I had built a great rapport with the last two waiters who worked there, and sadly, they were not there when I arrived. However, I was met with the most enthusiastic guy who wanted me to pose all over the bar, looking intellectual while pretending to read Vietnamese books and pretending to play guitar on their little stage (where they host live music on Saturdays- don’t miss that, it’s a hoot and a half).

 

 

Another huge perk of venturing off the beaten path is that you can find some of the most well-stocked and authentic markets in all of Vietnam. One of my favorites was a stone’s throw from my old abode, and with a little haggling and a lot of smiling, you can get some damn good deals and a whole lot of fun out of it all. Hải Dương also boasts one of the best used clothes markets I’ve ever seen in Vietnam (and one of the only ones, actually), which, as far as I know, is only open on Saturdays. However, if that NorthFake jacket caught your eye in Hanoi, Hải Dương is really the place to get the jacket and a better overall experience than just picking it out of a little storefront, packed with other travelers and expats.

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Unfortunately, it was quite rainy when I visited, and (not so unfortunately), I spent a good amount of time catching up with some old friends who still work there, so my coverage isn’t entirely as comprehensive as I would have liked. However, this shouldn’t dissuade you from taking a break here if you ever find yourself along the AH14, dying for a nice bed and a little oasis of tranquility between the bustling urban centers of Hanoi and Hai Phong. Ultimately, the real draw here is the peace and the coffee, but served with so much friendliness and charm that it’s hard to resist. I find myself missing it every day. So here are some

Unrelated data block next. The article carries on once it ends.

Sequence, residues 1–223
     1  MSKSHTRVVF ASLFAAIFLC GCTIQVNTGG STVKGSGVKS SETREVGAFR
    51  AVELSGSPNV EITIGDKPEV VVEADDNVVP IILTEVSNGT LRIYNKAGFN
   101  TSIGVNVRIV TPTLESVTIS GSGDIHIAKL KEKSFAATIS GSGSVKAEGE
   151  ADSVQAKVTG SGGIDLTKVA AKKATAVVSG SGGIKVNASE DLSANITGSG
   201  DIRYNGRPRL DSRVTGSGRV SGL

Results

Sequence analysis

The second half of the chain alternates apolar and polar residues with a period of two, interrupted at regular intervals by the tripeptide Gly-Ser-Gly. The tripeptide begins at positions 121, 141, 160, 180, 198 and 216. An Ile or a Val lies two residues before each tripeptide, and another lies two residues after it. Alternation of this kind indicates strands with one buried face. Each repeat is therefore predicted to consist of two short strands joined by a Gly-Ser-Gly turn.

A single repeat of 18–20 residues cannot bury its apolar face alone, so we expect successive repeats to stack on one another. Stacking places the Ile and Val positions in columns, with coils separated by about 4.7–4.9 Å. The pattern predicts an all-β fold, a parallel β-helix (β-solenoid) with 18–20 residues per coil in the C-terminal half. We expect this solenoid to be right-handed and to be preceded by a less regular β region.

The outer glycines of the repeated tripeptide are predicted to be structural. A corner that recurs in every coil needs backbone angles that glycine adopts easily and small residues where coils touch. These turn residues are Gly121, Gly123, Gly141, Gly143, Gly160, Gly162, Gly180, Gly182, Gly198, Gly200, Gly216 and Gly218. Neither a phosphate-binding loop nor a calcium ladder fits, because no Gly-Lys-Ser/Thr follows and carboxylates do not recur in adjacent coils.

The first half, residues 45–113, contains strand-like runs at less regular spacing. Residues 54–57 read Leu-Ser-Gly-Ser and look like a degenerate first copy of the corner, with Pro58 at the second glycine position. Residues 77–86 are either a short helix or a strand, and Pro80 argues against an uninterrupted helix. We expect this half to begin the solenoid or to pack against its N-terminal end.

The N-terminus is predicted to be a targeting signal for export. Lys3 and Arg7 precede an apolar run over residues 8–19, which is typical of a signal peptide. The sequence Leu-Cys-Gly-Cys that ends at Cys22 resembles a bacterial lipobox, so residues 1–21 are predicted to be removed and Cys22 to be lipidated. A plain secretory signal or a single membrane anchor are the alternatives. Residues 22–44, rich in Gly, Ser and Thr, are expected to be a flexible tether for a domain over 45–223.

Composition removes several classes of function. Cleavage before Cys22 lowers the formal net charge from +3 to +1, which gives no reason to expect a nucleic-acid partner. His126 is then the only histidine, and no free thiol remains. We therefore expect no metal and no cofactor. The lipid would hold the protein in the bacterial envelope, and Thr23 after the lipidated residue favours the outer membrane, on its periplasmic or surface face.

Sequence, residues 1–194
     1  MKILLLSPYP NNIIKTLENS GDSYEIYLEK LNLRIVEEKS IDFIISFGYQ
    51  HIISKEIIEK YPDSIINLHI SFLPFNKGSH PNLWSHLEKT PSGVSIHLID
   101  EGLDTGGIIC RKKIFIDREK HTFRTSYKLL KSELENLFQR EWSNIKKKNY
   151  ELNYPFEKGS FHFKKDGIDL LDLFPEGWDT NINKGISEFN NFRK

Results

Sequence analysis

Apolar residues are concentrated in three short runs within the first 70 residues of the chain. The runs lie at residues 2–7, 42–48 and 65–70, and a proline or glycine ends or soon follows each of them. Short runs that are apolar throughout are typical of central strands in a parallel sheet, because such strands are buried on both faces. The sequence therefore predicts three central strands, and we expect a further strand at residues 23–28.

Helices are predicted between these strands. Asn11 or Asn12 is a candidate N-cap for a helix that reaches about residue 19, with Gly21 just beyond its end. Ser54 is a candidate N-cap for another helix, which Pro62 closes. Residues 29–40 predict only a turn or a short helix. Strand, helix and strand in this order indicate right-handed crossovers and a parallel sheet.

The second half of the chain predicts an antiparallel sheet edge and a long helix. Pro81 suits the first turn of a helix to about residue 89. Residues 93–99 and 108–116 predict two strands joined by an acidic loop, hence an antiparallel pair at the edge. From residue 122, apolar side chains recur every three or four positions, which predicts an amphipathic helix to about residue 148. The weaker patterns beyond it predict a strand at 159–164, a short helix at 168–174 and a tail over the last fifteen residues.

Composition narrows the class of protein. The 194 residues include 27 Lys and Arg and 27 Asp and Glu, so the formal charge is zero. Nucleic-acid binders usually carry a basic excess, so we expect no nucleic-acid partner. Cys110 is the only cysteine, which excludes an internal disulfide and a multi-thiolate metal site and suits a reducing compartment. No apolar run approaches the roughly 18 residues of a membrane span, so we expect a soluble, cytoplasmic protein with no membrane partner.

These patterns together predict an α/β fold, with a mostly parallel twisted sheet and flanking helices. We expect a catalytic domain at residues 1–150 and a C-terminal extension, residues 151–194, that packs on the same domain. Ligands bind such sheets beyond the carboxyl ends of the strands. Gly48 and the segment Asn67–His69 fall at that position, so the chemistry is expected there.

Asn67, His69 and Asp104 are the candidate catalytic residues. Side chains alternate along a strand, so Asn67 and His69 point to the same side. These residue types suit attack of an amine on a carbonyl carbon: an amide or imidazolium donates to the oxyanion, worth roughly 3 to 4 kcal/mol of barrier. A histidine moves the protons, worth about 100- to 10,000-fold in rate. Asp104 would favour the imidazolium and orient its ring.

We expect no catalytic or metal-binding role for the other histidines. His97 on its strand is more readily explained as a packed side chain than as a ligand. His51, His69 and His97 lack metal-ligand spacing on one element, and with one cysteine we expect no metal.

As a special note, if you’re interested in teaching English in Vietnam, consider Hải Dương as your destination. They have an incredible array of schools, a few of which are for truly gifted students (and whom I bumped into just walking down the street!), from 6th grade all the way to 11th grade. I hope to write more about my teaching experiences in Vietnam, but I’ll say that in Hải Dương, you’ll develop a fantastic bond with your students (and even your TAs) that will stick with you for a lifetime.

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Author: A Quiet American

I'm a former graduate student and instructor of Classical Studies (not, like, the Brontë sisters and Shakespeare, but Plato and Sappho-ancient classics), and my specialty was Ancient Greek language and literature, on which I wrote my Master's thesis. I'm an avid, if amateur photographer, writer, and schemer. I love to get my hands dirty with a new idea. After that three and a half year ordeal, as well as a few startling changes like kicking alcohol cold turkey and a diagnosis of bipolar I disorder, I briefly worked in a Thai restaurant long enough to earn the money to get out of the US. It seemed like a logical option at the time, and it's turning out to be more than I could have ever imagined. My aim is to show people like me, people with problems and shackles and hangups, that its possible, and maybe even healthy, to change your environment for a little bit. My "little bit" went from 3 months to almost a year and counting, and I'm learning something new about myself every day. I'm learning how to stave off anger and focus on positive thinking, a bit of mediation, and the virtues of optimistic nihilism.